The Final Resting Place of the Southern Cross plane


southern cross plane

Southern Cross Plane

Painting Australia, Vol. 3 Ed. 2 (1988)


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Watching jumbo jets discharge international travellers in their hundreds at Brisbane Airport is such a familiar scene that it’s hard to believe barely 60 years have passed since the first heroic flight across the Pacific.

June 9, 1928 was the historic day Charles Kingsford-Smith and his crew touched down at Eagle Farm, Brisbane, after their 83-hour flight from San Francisco.

The flight was completed in Kingsford-Smith’s famous Southern Cross, a 22-metre-long Fokker F-7 aircraft equipped with three Wright Whirlwind J5 200 hp engines.

After many more epic flights with “Smithy” and his crew, the Southern Cross came to rest at Brisbane Airport.

southern cross plane

However, with the move to the new Brisbane International Airport earlier this year, the Southern Cross plane needed a new home.

Now, a firm of Brisbane architects has designed a magnificent new hanger which, with some help from Berger paints, will preserve and protect Australia’s most famous aircraft for posterity.
Design and construction of a suitable new building to house the historic aircraft was part of the assignment given to Noel Robinson Architects, the firm of architects involved in the development of Brisbane’s new airport.

“We looked at a number of different options for enclosing the artefact and decided to use a very simple, clear span space which reflected the old, traditional buildings of the airport,” explained consultant architect Noel Robinson.

“The low arch of the traditional hangar appealed to us as the simplest and nicest solution, partly because it echoed the buildings of the war years that followed Charles Kingsford-Smith’s pioneering flights and so rapidly accelerated the history of aviation.”

“This approach also solved a couple of other problems that had been evident in the old building. For example, it was very difficult to get a photograph of the aircraft from any distance, and there were reflections from the glass.”

“In the new building, we have looked very carefully at getting good photographic angles with a minimum of reflection. We have suspended very thick glazing from the arch so there are no mullions in the way and it has been hung at various angles, other than vertical, to reduce the amount of reflectivity.”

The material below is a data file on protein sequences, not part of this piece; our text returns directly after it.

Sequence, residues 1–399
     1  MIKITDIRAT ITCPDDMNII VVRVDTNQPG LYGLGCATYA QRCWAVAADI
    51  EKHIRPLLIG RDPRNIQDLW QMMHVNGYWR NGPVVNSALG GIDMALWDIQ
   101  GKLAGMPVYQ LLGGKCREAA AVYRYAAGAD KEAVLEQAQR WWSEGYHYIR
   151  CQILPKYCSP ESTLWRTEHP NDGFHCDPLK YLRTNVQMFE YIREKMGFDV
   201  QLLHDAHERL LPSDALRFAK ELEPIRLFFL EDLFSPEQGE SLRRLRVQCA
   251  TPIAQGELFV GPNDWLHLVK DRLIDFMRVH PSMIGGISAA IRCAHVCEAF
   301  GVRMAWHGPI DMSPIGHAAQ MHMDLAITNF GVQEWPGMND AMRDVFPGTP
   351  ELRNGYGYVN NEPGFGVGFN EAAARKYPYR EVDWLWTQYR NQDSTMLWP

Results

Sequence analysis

It was also important to ensure the aircraft was not exposed to damaging ultra-violet light from Brisbane’s strong sunshine, and a number of architectural solutions were found to stop the sun coming into the building.

A major overhang on the building to the north cuts sun penetration from this direction and large, landscaped earth mounds on the east and west faces lower light penetration and also reduce the visual bulk of the building.

southern cross plane

“As well as watching the light penetration we also had to control temperature and humidity within the hangar to protect the artefact.”

“In fact, the whole job was a bit like placing a little museum in the open countryside and we hope it will be enjoyed that way”, says Noel Robinson.

When it came to painting the interior of the building, Max Lauro of Unique Painting Services was faced with a mammoth job.

He applied some 12000 litres of Berger paint to an area of eight thousand square metres. The colour selected for the walls was a light “aircraft grey”, while the massive ceiling was painted white for maximum light reflection.

The end result is a final resting place for the Southern Cross that is a worthy memorial to Charles Kingsford-Smith, one of Australia’s greatest aviators, and the plane which made it possible, the Southern Cross.

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The NRA Collaborative have also been involved with numerous other aviation projects, such as the QANTAS Founders Museum in Longreach, Bundaberg Airport and Rockhampton Air Terminal.